First, investments made by U.S. residents abroad and by foreigners in the United States are enormous, both in absolute terms and as shares of GDP. (See figure 1.) Last year, for example, U.S. liabilities to foreigners totaled more than $20 trillion, exceeding 140 percent of U.S. GDP. At the same time, U.S. claims on foreigners totaled $17.5 trillion, roughly 130 percent of U.S. GDP. Even the net liability position of the United States is sizeable, $2.5 trillion or more than 17 percent of GDP. This net position as a share of GDP has remained fairly constant in recent years, while gross claims and liabilities have both been growing steadily.

Second, within these enormous gross positions is a great variety of types of claims and liabilities, including many forms of direct investment, equity securities, and debt instruments.1 (See figure 2.) The composition of U.S. liabilities is quite different than the composition of U.S. claims on the rest of the world. For example, more than two-thirds of U.S. liabilities are in the form of debt instruments, while over half of U.S. claims are in equity securities and direct investment. Some call this the “venture capitalist” nature of the U.S. external position: U.S. investments abroad tend to be concentrated in relatively risky equity instruments, but liabilities of the United States tend to be in low-volatility debt instruments.

Third, the different asset classes tend to have different rates of return for both capital gains and income. (See figure 3.) The return on equity securities (both claims and liabilities), for instance, is mainly from capital gains, while the return on debt instruments and direct investment is primarily from income. For debt and equity securities, the income return and the rate of capital gain on U.S. claims are roughly the same as those on U.S. liabilities. This is not true, however, for direct investment: The income return on direct investment by the United States in other countries is more than twice as high as the income return foreigners receive on their direct investment in the United States. Taking into account the differences in returns and the differences in the composition of assets, the total return on U.S. claims turns out to be about 2 percentage points per year higher than the return that the United States pays on its liabilities to the rest of the world.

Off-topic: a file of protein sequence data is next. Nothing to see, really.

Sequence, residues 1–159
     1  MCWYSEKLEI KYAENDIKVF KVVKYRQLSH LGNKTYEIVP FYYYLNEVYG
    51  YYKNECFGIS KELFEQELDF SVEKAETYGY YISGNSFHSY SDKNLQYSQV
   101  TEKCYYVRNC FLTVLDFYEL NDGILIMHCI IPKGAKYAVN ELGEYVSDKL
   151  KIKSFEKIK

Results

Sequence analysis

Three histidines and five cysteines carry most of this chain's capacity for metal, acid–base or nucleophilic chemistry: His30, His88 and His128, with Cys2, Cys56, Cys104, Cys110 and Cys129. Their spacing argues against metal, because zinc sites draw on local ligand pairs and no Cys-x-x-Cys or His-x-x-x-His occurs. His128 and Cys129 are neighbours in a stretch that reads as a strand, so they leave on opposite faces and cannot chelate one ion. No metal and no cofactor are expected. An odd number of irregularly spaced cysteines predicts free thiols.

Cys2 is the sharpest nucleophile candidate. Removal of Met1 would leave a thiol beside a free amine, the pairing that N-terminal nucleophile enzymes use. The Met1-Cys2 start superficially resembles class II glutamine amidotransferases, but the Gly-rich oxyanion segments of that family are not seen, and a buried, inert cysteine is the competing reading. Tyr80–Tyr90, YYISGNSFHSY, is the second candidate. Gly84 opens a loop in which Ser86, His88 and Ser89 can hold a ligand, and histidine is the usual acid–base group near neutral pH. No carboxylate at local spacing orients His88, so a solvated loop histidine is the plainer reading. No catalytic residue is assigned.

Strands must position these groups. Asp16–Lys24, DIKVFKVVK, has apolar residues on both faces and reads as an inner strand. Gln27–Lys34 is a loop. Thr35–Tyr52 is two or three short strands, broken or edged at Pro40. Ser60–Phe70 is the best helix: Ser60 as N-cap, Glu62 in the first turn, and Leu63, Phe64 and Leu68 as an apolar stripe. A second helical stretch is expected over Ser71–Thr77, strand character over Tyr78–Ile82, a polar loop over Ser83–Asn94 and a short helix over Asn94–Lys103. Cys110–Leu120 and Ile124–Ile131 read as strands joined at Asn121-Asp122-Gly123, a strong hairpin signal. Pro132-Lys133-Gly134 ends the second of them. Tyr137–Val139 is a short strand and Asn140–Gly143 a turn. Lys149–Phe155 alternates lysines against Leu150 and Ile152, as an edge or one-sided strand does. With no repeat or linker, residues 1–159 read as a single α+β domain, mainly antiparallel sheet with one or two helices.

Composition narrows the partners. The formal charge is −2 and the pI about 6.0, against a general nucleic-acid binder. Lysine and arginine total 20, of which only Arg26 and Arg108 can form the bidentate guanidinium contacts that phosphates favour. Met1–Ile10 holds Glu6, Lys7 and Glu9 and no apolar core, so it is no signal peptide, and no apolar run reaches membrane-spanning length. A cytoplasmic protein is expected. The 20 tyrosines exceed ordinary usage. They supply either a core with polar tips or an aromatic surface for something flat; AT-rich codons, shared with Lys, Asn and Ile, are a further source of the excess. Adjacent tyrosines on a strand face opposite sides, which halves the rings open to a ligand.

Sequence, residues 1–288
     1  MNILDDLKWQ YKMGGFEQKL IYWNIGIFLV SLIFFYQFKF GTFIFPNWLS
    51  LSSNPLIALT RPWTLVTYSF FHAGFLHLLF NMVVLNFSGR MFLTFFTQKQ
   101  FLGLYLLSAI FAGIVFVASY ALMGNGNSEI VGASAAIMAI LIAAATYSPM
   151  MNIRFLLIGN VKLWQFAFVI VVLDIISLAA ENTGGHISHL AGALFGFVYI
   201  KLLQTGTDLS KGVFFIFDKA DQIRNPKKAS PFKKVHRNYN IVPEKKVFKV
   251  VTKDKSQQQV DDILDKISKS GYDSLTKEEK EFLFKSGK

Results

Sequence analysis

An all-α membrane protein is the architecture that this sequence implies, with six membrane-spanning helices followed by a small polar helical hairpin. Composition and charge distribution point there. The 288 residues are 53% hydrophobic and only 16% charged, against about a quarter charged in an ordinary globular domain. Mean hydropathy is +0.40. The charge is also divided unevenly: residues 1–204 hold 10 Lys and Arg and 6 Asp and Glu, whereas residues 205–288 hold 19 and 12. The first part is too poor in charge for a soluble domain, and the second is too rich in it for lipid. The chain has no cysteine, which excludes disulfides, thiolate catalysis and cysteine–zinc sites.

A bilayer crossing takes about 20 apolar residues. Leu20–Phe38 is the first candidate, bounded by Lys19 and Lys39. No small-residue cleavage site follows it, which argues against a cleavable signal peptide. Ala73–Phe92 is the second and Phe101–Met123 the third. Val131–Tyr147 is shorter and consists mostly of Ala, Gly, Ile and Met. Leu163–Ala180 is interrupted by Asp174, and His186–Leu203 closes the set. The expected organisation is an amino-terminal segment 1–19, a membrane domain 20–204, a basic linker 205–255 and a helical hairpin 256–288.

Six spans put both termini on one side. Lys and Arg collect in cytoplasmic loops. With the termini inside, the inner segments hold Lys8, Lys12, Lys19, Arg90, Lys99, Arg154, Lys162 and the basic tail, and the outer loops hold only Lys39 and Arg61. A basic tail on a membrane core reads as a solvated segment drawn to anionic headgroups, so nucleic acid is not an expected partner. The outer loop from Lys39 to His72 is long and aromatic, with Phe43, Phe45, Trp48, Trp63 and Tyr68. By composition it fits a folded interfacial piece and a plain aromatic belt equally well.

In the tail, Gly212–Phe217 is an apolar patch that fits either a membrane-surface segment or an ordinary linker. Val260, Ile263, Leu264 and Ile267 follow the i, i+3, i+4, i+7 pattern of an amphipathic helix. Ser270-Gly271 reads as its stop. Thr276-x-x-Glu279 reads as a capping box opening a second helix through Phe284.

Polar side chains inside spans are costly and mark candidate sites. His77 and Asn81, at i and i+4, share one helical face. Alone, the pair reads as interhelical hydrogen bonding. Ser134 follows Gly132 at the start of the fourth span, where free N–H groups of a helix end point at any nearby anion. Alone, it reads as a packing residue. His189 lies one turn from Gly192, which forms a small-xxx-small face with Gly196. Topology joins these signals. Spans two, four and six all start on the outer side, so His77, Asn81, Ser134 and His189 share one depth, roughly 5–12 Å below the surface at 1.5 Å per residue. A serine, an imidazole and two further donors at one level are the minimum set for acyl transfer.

Puzzles in the U.S. International Accounts
Some apparently puzzling features of the U.S. cross-border investment positions have given rise to a number of hypotheses, several of which spring from the notion that the United States is unique in important respects. For example, in two cases that I will discuss today, some observers have concluded, first, that the United States is able to borrow on highly advantageous terms to finance its external deficits and, second, that the United States receives a much higher return on its foreign investments than other countries receive on their investments in the United States. Some novel theories have been developed to support these interpretations. Recent work by Federal Reserve staff, however, has shown that one need not resort to such exotic explanations to understand the behavior of the international accounts. Instead, a careful look at the published data reveals that differences in the three characteristics of U.S. claims and liabilities that I just discussed--returns, composition, and size--contain the key to understanding these apparently anomalous results and, hence, that the United States faces a “reality” similar to that of other countries.

Puzzle 1: Do Foreigners Pay to Lend to the United States?
The first puzzle is longstanding and is well known within the international finance community: Why does it appear that foreigners pay to lend to the United States? For more than 20 years, the U.S. net international investment position has been negative. As I just mentioned, in 2007 the net liability position of the United States was 17 percent of GDP. (See figure 4.) Nonetheless, and somewhat surprisingly, the income received by U.S. residents on their foreign investments has consistently exceeded that received by foreigners on their holdings in the United States. This difference totaled $90 billion in 2007. So, at first blush, it might appear that the rest of the world pays the United States for the privilege of lending to it. Put differently, imagine a credit card that paid you interest to carry a debt balance, instead of the other way around. Sign me up!

This U.S. investment income puzzle has piqued the interest of some well-known economists. For example, in 1987, Milton Friedman wrote:

Clearly, if our investments abroad are yielding a positive return, their capital value must be positive not negative. Is this a defect of the figures on current flows, or is it a defect of the balance-sheet figures?2